'The Menu' Is Deliciously Nasty Directed by Mark Mylod
Starring Ralph Fiennes, Anya Taylor-Joy, Nicholas Hoult, Hong Chau, Janet McTeer, Judith Light, John Leguizamo
Published Nov 15, 2022The Menu wasn't a part of TIFF's Midnight Madness programme this year, but it would have been perfectly at home with the raucous late night audience. Mark Mylod's latest film is as nasty as it is hilarious as he sends up haute cuisine and the superficial world that's grown around it.
As a small group of diners step off a boat onto Hawthorne Island, a secluded, self-sustaining 12-acres of foodie goodness, they give one another a smug acknowledgement. They are the chosen ones. The one percent of the one percent who are not only able to afford the $1,250-per-head pricetag, but also are able to secure an invitation to this exclusive meal.
The diners are shown around by Hawthorne's front of house manager Elsa (an excellent Hong Chau), who impresses upon them the brilliance of Chef Julian Slowik (Ralph Fiennes). The eclectic group, including a trio of tech bros, a washed-up movie star (John Leguizamo), a renowned restaurant critic (Janet McTeer), and Instagram foodie Tyler (Nicholas Hoult), are all suitably impressed.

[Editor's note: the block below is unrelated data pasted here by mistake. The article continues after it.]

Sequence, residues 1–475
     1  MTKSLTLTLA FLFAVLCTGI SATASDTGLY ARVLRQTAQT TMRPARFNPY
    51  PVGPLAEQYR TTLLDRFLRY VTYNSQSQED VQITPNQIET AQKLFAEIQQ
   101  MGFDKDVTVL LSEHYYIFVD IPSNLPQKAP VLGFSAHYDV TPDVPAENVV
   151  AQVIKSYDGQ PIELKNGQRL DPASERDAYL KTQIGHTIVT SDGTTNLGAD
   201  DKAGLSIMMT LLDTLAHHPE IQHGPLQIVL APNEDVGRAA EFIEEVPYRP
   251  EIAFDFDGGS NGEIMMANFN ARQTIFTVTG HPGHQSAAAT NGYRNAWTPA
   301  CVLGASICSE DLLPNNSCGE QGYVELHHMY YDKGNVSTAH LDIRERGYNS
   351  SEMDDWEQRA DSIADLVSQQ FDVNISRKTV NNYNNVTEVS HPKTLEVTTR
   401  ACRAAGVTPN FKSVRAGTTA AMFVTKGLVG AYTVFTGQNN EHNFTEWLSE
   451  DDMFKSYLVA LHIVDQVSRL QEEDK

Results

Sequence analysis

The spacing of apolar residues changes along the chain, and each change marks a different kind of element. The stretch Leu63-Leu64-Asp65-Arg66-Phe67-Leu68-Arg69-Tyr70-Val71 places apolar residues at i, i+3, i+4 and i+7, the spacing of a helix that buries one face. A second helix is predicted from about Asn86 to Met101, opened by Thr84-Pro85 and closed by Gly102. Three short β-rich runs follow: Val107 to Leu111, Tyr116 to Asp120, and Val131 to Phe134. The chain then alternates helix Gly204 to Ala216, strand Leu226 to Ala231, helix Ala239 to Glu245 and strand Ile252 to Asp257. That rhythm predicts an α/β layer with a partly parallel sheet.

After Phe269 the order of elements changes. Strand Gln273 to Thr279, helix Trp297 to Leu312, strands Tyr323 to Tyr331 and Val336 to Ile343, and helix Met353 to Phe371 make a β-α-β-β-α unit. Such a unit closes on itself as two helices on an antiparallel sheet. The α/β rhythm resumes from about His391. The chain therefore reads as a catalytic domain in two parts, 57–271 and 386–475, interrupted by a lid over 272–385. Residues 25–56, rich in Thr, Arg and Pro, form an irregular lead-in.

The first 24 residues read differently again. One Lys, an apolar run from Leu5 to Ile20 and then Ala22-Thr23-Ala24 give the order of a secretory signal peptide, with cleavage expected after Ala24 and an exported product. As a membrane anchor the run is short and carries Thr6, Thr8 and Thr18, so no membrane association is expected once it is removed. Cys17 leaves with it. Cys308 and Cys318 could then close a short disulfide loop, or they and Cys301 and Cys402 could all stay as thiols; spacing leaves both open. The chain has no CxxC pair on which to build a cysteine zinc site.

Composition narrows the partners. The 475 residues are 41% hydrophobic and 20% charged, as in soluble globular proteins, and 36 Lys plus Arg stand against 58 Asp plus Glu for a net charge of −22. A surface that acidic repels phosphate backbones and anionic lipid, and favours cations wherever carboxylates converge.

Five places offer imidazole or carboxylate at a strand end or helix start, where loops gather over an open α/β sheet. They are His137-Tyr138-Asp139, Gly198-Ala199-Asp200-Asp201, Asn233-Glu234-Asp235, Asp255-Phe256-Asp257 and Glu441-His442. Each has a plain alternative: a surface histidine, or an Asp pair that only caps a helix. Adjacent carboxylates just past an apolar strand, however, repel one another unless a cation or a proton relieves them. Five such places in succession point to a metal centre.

The exception is Margot (Anya Taylor-Joy), the lone guest not on the list; she was brought as a substitution by Tyler, whose original date could no longer accompany him. As the evening unfolds, Chef Slowik zeroes in on Margot, who is visibly unmoved by culinary pretension and finds Chef's displays more comical than clever. When the true nature of Chef's menu comes to light, everyone, including Margot, are forced to reckon with their own self-indulgence and assumed superiority in the most vicious and bizarre manner.
Seith Reiss and Will Tracy write a biting script full of sharp dialogue and imaginative twists that draws gasps and laughs throughout the film. Mylod's direction plays beautifully with the script, inter-cutting scenes with witty title cards and an incredible sound design that elevates the theatrical dining experience.
Alongside the direction and writing, what makes The Menu so deliciously wicked is how the cast savour every moment on screen. Fiennes and Taylor-Joy lead the cast with two strong and nuanced performances that let on just enough to keep viewers engaged. In supporting roles, Chau, Leguizamo and Hoult are absolutely hilarious — especially Leguizamo, who delivers some of the best one-liners in the film.
The film roasts the rich, the social media fixated and the image obsessed. The Menu is truly a dish best served in a packed theatre of nutters who can appreciate one of the darkest satirical comedies of the year. (Searchlight)